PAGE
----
Books by Floyd W.
A Turbulent Voyage: Readings in African
American Studies /
Acres and a Mule: The Rape of Colored Americans
* * *
Policy Professionals in the Managerial Age
By Floyd W. Hayes, III
A major feature of the evolving managerial
society is the expanding roles of formal knowledge and professional
experts in the public policymaking process.
The increasing professionalized management of people
accompanies this development.
Theorists of managerialism do not agree, however,
on the extent to which these roles have expanded.
Hence, competing perspectives about the relationship
between knowledge and power in the policymaking process appear
in the literature. Some
thinkers hold that in contemporary advanced technological
society professional experts dominate the political
Others contend that elected officials are still in
control. The issue
This essay focuses on the roles Black
policy specialists and their knowledge play in the public
policy deliberation process of America’s developing
knowledge-intensive managerial society. With the coming of the conservative Reagan regime, the 1980s
represented a major turning point in American public policy in
the form of an assault on the welfare state, which was
established during the 1930s New Deal policy agenda of the
Roosevelt administration. The
1980s also witnessed the emergence of Black policy experts
as major actors in the public debate about policies designed to
handle the problem of poverty in contemporary American society.
In the past, Black policy intellectuals were
largely ignored in the national debate about public policy
is significant about the evolution of the contemporary debate is
the ascendancy of a collection of conservative Black policy
entrepreneurs and their challenge to liberal policy ideas.
Because of their association with the Reagan regime,
these conservative Black policy actors gained public
specific aim is to examine critically the debate between some
conservative and liberal Black policy intellectuals regarding
the complex problem of urban poverty within a changing American
I will assert that in America’s managerial
society, Black professional experts and policy specialists—as
members of a rising professional-managerial class—have come to
play a major role in influencing the content and contours
of the national policy deliberation process by means of their
discursive power: argumentation and persuasion.
In the developing managerial order, the importance of
mental capacity and the ability to manage the people are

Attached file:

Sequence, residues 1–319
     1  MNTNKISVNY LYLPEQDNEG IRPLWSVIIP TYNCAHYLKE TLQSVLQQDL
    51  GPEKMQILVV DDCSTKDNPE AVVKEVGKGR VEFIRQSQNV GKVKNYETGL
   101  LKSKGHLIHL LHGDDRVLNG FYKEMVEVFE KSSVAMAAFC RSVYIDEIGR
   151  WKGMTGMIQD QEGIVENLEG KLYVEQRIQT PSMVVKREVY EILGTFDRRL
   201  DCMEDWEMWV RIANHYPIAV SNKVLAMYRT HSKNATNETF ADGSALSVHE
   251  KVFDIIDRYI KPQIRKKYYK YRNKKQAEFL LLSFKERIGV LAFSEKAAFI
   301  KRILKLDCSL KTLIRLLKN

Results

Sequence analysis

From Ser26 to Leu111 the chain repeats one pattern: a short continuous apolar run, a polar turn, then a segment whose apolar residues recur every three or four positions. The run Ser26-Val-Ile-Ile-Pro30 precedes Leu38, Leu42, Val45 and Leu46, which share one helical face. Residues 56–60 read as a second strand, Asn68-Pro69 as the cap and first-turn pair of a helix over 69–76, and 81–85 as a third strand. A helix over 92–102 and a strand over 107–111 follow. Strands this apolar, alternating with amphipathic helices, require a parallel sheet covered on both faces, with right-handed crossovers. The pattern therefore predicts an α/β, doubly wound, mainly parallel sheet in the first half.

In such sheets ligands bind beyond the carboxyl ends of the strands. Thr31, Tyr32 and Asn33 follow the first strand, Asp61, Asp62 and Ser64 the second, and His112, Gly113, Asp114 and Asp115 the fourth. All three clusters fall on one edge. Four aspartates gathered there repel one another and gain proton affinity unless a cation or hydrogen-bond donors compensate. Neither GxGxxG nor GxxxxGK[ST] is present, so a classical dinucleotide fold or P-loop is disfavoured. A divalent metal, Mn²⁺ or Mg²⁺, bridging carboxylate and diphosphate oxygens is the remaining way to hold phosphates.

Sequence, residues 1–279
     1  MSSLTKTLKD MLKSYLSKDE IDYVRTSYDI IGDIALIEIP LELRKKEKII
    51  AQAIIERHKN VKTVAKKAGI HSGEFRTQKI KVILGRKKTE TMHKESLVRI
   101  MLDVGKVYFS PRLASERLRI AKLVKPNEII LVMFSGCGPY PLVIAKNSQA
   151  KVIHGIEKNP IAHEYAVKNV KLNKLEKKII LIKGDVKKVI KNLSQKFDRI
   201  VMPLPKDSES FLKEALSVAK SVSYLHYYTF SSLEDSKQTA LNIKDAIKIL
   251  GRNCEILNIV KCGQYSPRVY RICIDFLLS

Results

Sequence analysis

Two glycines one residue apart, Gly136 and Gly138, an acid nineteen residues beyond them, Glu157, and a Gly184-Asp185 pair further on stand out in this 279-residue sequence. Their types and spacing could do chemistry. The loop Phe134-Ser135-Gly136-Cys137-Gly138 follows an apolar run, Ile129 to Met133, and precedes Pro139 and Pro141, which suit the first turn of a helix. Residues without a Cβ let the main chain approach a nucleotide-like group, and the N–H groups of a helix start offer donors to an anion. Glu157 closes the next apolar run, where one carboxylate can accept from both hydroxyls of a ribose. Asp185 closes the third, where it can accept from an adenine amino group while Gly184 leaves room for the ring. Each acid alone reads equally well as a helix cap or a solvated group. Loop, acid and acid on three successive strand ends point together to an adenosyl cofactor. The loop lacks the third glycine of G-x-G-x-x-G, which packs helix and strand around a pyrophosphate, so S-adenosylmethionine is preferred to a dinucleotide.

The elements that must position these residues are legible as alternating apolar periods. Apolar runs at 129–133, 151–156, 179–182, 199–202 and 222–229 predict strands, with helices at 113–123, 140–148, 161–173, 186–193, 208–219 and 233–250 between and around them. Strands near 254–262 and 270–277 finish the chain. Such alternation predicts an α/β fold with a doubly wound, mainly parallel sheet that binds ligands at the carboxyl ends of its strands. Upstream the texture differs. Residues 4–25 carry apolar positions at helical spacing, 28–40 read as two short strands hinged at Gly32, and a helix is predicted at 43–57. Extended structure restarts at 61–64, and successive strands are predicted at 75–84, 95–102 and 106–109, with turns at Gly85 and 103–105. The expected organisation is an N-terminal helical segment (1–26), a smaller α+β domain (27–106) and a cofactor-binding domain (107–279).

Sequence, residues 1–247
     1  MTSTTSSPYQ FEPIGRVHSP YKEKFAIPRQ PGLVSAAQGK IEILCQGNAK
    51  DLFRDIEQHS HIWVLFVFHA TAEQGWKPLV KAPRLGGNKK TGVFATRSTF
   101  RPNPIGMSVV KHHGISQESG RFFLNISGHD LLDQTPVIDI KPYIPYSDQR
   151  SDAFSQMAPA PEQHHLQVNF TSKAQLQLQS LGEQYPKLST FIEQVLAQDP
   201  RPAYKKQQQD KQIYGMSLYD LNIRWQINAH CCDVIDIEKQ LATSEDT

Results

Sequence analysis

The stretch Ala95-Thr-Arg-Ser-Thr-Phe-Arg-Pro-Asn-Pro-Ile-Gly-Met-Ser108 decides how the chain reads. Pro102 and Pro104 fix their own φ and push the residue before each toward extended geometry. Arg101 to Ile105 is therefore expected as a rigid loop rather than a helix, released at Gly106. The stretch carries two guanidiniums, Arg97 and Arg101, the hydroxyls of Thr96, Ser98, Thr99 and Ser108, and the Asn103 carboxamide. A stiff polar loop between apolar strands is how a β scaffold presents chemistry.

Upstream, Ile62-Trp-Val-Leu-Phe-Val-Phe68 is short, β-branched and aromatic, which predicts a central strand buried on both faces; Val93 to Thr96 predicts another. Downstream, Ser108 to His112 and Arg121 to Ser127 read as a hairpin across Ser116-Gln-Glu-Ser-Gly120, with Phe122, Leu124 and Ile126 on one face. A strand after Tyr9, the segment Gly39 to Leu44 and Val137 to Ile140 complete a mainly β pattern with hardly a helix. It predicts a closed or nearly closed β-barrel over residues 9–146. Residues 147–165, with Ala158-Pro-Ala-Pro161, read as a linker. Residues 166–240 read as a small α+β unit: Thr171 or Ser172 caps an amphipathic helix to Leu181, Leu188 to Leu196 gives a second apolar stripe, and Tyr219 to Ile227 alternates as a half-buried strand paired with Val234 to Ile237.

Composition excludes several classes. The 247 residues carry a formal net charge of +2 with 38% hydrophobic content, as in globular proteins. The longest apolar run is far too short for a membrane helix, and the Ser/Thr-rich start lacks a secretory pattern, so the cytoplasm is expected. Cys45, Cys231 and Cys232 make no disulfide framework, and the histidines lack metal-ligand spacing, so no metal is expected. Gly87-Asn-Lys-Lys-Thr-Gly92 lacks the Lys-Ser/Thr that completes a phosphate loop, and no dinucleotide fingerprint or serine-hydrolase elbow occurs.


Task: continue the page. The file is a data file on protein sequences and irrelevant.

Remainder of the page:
challenging the singular authority of money and finance.
In what follows, I will discuss the ascendancy
of managerial society, the growing convergence of knowledge
and power in the policymaking process of that society, the
debate between conservative and liberal Black policy specialists
during the 1980s, and an alternative perspective to the
politics of expertise and social management.
The Rise of the Managerial Class
In the United States, the
professional-managerial class emerged during the Progressive era
at the dawn of the 20th Century.
The development of a core of social engineers
devoted to helping and managing the working class and the
urban poor served as the basis for the rise of the
engineers assumed that the fundamental organization of society
was progressive and just, and they viewed education as the major
form of human engineering.
Social managers desired a smoothly running, socially
efficient, stable social order in which professional
management would replace politics; science would replace
tradition; and experts would adapt education to the conditions
of modern corporate life (Callahan 1962; Tyack 1974; Tyack and
With corporate America’s sponsorship, this
new cadre of social engineers sought specialized training and
formal accreditation as professionals.
Here is the genealogy of the professional-managerial
class of salaried professionals, engineers, managers,
administrators, and planners (see Abbott 1988; Ehrenreich 1985;
Larson 1977; Reich 1983). As
Gouldner argues, the old moneyed class gave birth to a new
cultural class whose capital is specialized knowledge
As descendants of the old moneyed class, the
new cadre of professional managers initially was dependent upon
and subservient to its benefactors.
Largely synonymous early on with the old or traditional
middle class of independent farmers, small-business men, and
self-employed professionals, the members of the emerging
professional-managerial class, even those who were social
engineers of the working class and the urban poor, maintained a
certain attachment to the tradition of rugged individualism.
However, the Great Depression proved to be
the definitive event that transformed this development.
The middle classes underwent an ideological change